Recent developments in New Zealand’s maritime law have centered on the RENA disaster of October 5, 2011, and on the current government’s strategy of driving economic growth through exploitation of the country’s marine natural resources. This has resulted in a considerable amount of legislative activity from the New Zealand Parliament, complemented by a small number […]
In 2010, the general rules of the Act on Safety at Sea (Safety at Sea Act), which divide the responsibilities regarding safety at sea between the shipowner, master, etc., were amended. Previously, section 9 of the Safety at Sea Act only placed responsibility on the shipowner for ensuring that faults and defects that the shipowner […]
This Article focuses on the significant decisions that have emanated from Australian courts over the past year. It aims to provide readers with an insight into Australian maritime law and its development over this period.
While a cruise vacation may very well be the best travel value available, consumers should be aware that a cruise line’s duties and liabilities are governed not by modern, consumer-oriented common and statutory law, but by nineteenth-century legal principles, the purpose being to insulate these companies from legitimate passenger claims. … For example, if CLIA […]
This is the thirteenth Article in a series of annual reports on U.S. admiralty and maritime law and practice. In these articles, we try to call attention to the principal national-level developments that bear on the work of admiralty judges, lawyers, and scholars, and we look more closely at the relevant work of the United […]
This Essay will focus on (1) changes to the statutes governing removal of lawsuits by the “Federal Courts Jurisdiction and Venue Clarification Act of 2011” (Clarification Act)and (2) how those changes have been interpreted by courts within the United States Court of Appeals for the Fifth Circuit’s jurisdiction. The Clarification Act makes removal of maritime […]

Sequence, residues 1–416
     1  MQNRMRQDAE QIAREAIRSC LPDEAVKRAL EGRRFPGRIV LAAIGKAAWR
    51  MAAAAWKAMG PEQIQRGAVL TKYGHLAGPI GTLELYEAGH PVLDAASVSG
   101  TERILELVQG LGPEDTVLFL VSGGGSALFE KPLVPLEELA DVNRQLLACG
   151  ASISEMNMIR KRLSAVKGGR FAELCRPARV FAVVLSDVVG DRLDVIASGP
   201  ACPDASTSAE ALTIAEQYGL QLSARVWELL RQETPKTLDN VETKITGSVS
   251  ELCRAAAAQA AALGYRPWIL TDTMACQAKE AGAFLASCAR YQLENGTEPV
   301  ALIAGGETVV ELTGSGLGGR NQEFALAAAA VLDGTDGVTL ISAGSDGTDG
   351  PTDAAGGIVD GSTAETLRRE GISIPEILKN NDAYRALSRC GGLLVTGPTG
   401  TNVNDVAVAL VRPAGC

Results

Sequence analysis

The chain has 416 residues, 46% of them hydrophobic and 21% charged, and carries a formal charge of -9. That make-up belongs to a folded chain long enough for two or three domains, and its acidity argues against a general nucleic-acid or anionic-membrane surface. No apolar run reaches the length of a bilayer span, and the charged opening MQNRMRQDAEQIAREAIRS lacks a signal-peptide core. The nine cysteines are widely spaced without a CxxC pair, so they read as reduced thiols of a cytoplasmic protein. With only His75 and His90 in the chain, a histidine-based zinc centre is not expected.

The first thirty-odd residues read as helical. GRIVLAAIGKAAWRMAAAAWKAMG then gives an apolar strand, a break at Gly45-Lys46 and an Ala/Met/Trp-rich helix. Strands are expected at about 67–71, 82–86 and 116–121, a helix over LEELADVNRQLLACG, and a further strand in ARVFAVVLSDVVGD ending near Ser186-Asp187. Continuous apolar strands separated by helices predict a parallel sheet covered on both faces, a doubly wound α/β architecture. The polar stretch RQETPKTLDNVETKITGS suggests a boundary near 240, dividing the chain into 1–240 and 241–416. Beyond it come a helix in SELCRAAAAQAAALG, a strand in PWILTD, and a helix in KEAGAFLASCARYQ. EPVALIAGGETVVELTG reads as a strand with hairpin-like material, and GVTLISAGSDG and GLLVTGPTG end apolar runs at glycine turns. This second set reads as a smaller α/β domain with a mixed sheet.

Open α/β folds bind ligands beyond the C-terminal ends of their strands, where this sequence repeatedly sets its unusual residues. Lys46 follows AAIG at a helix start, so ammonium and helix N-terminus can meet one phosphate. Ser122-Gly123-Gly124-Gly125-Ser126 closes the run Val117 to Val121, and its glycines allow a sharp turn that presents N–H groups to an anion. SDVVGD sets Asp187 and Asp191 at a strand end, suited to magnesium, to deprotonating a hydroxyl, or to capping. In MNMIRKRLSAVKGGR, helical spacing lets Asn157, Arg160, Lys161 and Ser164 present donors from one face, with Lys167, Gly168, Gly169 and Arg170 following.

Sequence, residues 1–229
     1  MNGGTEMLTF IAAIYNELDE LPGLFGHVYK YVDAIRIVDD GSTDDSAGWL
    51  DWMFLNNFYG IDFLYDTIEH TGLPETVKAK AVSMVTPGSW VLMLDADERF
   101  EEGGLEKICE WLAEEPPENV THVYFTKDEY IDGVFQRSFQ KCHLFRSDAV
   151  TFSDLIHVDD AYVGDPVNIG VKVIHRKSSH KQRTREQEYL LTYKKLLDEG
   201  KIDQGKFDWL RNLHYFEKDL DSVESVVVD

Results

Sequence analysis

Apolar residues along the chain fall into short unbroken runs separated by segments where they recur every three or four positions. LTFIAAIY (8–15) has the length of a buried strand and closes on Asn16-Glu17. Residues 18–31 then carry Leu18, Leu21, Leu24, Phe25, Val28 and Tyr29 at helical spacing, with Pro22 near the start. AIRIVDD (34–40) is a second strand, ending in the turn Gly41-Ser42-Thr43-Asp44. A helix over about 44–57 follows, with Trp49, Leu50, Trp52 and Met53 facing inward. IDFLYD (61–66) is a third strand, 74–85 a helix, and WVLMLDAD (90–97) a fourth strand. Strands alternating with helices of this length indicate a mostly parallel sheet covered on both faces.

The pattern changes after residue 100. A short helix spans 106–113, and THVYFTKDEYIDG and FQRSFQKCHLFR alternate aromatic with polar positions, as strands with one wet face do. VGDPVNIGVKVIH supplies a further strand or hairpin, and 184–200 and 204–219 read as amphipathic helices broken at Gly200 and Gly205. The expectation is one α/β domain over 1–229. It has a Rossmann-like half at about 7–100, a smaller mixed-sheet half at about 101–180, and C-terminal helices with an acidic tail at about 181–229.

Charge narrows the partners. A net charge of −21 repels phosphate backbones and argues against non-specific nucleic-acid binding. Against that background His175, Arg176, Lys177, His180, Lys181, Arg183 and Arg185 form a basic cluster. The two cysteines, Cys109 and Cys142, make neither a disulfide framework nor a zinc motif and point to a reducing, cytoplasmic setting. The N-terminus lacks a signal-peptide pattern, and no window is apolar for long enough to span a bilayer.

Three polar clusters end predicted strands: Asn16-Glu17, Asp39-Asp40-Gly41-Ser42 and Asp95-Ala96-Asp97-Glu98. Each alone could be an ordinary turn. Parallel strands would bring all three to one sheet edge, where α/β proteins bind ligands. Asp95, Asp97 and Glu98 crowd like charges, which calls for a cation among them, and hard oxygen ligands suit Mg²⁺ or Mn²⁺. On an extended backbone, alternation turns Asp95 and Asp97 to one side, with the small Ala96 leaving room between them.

Twenty-six cruise lines headquartered in North America, which form the Cruise Lines International Association (CLIA), presently sail 225 ships throughout the world. In addition, numerous cargo ships, tankers, and other vessels are operated by companies maintaining their bases of operations in the United States. As a result, it is not uncommon for these vessels periodically to […]
Traditionally, there have been two sources of maritime law: national maritime law and international maritime law. Today, however, there is a third source, namely, European Union (EU) maritime law. EU maritime law is not national maritime law because the EU is not a nation. Nor is it international law because the EU is not simply a network […]
The second issue of Volume 38 of the Tulane Maritime Law Journal is now available in both print and digital format. Purchase yours today!
The Tulane Maritime Law Journal is proud to present the second installment in a series of forthcoming posts concerning recent developments in admiralty and maritime law written by members of the Tulane Maritime Law Journal. *This post has not undergone our full editorial process. By: Brooke Bacuetes PROMOTING JUDICIAL EFFICIENCY: THE SECOND CIRCUIT’S EXPANSION OF […]